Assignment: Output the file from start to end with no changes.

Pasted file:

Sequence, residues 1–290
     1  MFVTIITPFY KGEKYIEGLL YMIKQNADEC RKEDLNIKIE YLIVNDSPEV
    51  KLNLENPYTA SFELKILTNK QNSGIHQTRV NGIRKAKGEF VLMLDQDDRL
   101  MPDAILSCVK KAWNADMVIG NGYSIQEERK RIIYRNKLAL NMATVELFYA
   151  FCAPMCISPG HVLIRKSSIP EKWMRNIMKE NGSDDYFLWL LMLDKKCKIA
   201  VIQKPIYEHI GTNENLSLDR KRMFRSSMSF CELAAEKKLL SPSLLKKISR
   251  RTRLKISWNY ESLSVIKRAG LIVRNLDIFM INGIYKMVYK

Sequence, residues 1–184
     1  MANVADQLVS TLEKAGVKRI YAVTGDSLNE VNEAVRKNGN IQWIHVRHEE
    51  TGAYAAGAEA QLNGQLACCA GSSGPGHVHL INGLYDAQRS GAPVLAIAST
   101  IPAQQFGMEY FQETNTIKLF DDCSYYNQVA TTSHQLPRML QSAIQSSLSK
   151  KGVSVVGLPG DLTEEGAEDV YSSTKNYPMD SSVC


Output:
Sequence, residues 1–290
     1  MFVTIITPFY KGEKYIEGLL YMIKQNADEC RKEDLNIKIE YLIVNDSPEV
    51  KLNLENPYTA SFELKILTNK QNSGIHQTRV NGIRKAKGEF VLMLDQDDRL
   101  MPDAILSCVK KAWNADMVIG NGYSIQEERK RIIYRNKLAL NMATVELFYA
   151  FCAPMCISPG HVLIRKSSIP EKWMRNIMKE NGSDDYFLWL LMLDKKCKIA
   201  VIQKPIYEHI GTNENLSLDR KRMFRSSMSF CELAAEKKLL SPSLLKKISR
   251  RTRLKISWNY ESLSVIKRAG LIVRNLDIFM INGIYKMVYK

Sequence, residues 1–184
     1  MANVADQLVS TLEKAGVKRI YAVTGDSLNE VNEAVRKNGN IQWIHVRHEE
    51  TGAYAAGAEA QLNGQLACCA GSSGPGHVHL INGLYDAQRS GAPVLAIAST
   101  IPAQQFGMEY FQETNTIKLF DDCSYYNQVA TTSHQLPRML QSAIQSSLSK
   151  KGVSVVGLPG DLTEEGAEDV YSSTKNYPMD SSVC